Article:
A: Usually, tooth sensitivity is not a problem because as dental professionals, we prescribe the correct strength of whitening for your teeth. Some people may experience a touch of sensitivity, but to prevent this we provide all our patients with tooth mousse, which desensitises the teeth and alleviates this problem.
In the unlikely event that sensitivity is still a problem, you may choose to use your tooth whitening kit every second day instead of daily. Alternatively, we can always supply you with a weaker bleaching formula.
Q: Who would NOT be a candidate for at home whitening kits?
A: Individuals that are not candidates for tooth bleaching fall into two main categories: those with intrinsic staining, and those with prosthetic treatment modalities already on the teeth, such as crowns, fillings or veneers.
Intrinsic staining is staining from the inside out. Sometimes intrinsic staining comes from a developmental problem that may be genetically related. Other times it appears as a result of illness, such as being prescribed the tetracycline antibiotic. This caused blotchy, yellow-grey stains on many people’s teeth decades ago, and these stains would not be able to be removed through bleaching.
If you have crowns or veneers and they are stained, the only choice would be to replace them with new ones. Alternatively, you may need a couple more veneers to match up the colour with an existing crown. Once again, this is something best discussed with your dentist.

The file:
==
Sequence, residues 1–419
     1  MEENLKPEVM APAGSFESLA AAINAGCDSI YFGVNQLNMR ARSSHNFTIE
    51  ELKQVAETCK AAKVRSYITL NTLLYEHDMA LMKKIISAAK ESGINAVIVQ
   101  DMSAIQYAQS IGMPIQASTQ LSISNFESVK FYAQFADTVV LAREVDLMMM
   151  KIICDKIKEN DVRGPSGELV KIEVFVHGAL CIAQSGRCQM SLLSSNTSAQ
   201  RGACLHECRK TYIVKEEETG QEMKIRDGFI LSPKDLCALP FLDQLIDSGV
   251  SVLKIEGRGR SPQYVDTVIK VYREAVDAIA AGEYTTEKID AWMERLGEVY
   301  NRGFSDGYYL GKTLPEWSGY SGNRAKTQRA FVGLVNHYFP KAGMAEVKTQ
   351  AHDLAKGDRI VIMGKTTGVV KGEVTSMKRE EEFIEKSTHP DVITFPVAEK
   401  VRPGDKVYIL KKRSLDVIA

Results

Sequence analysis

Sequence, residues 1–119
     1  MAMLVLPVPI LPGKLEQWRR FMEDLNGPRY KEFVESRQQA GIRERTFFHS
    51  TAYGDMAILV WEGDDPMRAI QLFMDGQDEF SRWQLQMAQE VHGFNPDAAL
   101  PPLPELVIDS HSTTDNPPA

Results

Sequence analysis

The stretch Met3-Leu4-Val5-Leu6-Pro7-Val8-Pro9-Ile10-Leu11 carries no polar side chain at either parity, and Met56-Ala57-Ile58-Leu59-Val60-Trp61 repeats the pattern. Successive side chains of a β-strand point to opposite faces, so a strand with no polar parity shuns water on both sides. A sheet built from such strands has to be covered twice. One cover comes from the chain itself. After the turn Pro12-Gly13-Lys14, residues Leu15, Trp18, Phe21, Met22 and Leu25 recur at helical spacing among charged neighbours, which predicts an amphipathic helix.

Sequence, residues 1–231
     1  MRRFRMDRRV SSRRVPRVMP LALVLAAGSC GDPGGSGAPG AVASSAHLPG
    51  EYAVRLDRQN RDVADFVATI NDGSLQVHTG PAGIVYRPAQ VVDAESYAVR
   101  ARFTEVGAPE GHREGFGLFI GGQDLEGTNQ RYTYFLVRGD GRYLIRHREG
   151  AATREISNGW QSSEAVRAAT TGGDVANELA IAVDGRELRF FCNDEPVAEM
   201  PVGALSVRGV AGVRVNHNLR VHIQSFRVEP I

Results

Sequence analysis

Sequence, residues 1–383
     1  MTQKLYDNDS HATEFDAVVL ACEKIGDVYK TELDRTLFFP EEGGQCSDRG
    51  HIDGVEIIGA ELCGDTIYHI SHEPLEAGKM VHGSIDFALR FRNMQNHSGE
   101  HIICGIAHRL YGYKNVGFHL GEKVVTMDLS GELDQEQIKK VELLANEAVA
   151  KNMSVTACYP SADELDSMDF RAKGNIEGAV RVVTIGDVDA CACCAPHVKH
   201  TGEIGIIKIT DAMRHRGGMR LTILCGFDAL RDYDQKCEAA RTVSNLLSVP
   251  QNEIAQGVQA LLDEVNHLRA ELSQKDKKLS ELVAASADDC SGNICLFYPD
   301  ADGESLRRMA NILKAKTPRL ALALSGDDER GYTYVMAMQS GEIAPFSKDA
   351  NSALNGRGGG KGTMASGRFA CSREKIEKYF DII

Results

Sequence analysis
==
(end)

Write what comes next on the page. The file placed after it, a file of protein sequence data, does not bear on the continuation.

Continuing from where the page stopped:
If you require a mixture of teeth whitening and porcelain veneers or crowns, it’s best that you perform the at-home tooth whitening first. Once the optimal level of whiteness is achieved, your dentist will then match this colour with your new porcelain veneers.
I might add that porcelain veneers also offer another benefit. For some individuals, stained teeth are only half their problem. They may have teeth that are chipped as well is stained. Or, they may have stains teeth that are ever so slightly out of alignment. Porcelain veneers are brilliant for correcting several problems at once. Not only can change the shade of your teeth, but while doing so can cover up any chips, ridges or slight alignment issues. This can result in straighter, whiter looking teeth that are free of chips or irregularities.
Q: What else can people do to keep their teeth white and prevent stains in the future?